5. What are the possible side effects?
Lockman: “Simply changing one’s diet to a diet that is invariably much higher water and fiber than one is used to will often create some digestive-system upset initially as the body begins to rehydrate and move old material. Similarly, there may be other symptoms that can occur as the body begins to cleanse and heal much faster on a fruit-based raw vegan diet than it ever did before. Many people don’t realize that symptoms are always evidence that the body is attempting to cleanse and heal and so imagine that the symptoms mean that there’s a problem with the diet, but this is not so. Once the body is truly clean and efficient (achieved much more rapidly via water-only fasting both long-enough and properly) there is no comparison to how it feels on an optimal fruit-based raw vegan diet versus any other diet.”
6. What is the Tanglewood Wellness Center?
Lockman: “Tanglewood is the world’s largest dedicated water-only fasting center where over the last 22.5 years we’ve guided more than 5000 clients from more than 110 countries (including dozens of Israelis) through water-only fasts averaging 26 days.”
7. What is water fasting and it’s process?
Lockman: “Water fasting (more accurately called, ‘water-only fasting,”) is the process of resting completely while sipping water for a period of time so that one’s body can use all of its energy to cleanse and heal itself.”
8. How do you encourage and inspire your clients at the wellness center?
Lockman: “ I use a multi-fold approach to encourage and inspire them:
A) I teach them the principles so that they truly understand what’s possible
B) I share many case histories with them so that they can see examples of people who have gotten the results that they wanted for themselves, and
C) I model the behavior for them, being a living example of the principles in action”
9. For someone who is considering adopting a fruitarian lifestyle, how would you recommend they get started in a safe manner?
Lockman: “One can simply change to a fruit-based diet with no danger. And if they prefer, they can also begin to modify their diet little by little rather than changing everything at once.”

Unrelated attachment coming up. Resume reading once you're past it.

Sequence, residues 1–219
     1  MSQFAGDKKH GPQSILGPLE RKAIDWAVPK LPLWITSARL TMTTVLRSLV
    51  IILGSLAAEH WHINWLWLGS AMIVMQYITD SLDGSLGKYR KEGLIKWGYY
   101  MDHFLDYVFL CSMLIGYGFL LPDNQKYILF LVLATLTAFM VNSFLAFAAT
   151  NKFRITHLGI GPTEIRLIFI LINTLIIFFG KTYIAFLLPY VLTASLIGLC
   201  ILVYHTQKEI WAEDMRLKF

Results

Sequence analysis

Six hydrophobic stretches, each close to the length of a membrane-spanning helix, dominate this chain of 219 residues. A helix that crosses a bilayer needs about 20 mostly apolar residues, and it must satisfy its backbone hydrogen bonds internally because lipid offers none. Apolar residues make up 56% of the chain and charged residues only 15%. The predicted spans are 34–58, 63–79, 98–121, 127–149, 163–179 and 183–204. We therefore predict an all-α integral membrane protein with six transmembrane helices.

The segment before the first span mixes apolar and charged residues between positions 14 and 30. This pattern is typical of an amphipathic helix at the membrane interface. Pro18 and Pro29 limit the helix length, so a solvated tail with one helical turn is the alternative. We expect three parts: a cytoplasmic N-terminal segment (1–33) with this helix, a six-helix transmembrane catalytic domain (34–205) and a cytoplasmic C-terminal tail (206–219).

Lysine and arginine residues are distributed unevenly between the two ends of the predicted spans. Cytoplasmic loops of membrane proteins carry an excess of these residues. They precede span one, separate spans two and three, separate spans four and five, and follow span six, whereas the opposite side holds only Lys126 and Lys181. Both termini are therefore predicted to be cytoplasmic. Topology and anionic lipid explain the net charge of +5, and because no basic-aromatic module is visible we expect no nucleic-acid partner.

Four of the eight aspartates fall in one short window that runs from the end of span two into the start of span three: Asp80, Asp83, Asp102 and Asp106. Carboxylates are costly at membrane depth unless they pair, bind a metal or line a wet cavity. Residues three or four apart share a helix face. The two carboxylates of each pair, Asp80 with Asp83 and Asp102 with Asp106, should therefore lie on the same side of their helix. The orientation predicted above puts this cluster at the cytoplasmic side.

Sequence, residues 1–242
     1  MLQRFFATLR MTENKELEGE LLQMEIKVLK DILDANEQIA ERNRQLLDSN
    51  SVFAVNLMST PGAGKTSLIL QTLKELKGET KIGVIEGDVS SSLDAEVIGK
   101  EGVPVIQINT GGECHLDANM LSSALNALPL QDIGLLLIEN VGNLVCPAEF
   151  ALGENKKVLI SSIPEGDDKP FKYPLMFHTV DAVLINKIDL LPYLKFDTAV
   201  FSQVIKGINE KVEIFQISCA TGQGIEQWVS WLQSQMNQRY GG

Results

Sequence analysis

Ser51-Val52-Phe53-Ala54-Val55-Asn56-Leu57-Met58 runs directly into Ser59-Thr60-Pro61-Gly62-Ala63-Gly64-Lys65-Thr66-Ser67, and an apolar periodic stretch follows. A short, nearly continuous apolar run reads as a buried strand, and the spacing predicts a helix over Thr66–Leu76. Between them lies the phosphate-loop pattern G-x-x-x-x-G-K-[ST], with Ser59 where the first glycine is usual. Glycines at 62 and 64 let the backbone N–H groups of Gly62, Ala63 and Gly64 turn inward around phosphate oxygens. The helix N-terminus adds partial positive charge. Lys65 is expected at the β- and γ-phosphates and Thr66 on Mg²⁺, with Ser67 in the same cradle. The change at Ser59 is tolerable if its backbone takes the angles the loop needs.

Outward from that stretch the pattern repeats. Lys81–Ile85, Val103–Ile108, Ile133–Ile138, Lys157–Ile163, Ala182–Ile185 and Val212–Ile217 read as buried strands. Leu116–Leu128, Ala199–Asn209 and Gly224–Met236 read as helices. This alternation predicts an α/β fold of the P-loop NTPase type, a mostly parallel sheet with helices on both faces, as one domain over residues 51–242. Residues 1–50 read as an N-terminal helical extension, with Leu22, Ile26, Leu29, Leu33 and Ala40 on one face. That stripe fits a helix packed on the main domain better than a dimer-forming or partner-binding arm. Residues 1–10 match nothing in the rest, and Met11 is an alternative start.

10. How do you handle vitamin deficiencies and would you say that this lifestyle choice is “extreme” and not recommended for everyone?
Lockman: “ Nothing contains more vitamins than fruit and soft, tender leaves, and more important than vitamin (and overall nutrient content) is nutrient availability. Each species has a digestive tract specifically adapted to their particular diet and eating anything else will never come close to meeting their body’s needs as well as their own species-specific diet. In one study which demonstrates this, they gave human subjects a measured quantity of kale. They determined how many “vitamin A equivalency units” were available from the kale (the amount of beta carotene that could be converted into vitamin A in the body) and then measured to see how much was actually absorbed. At a later date, they gave the same subjects a measured quantity of papaya and again, calculated how much vitamin A could be made in the body from the beta carotene that the specific serving contained and then compared it to what was actually absorbed by each person. On average, the subjects got twice as much vitamin A from the papaya as they did from the kale even though the kale contained twice as much beta carotene, meaning that it was 4 times easier/more effective to get vitamin A from the papaya then from the kale. This clearly demonstrates that it is Not about how much of a nutrient a substance contains, but rather, how easily the body can absorb it and each species invariably does best with the natural diet that it’s body is particularly adapted to.”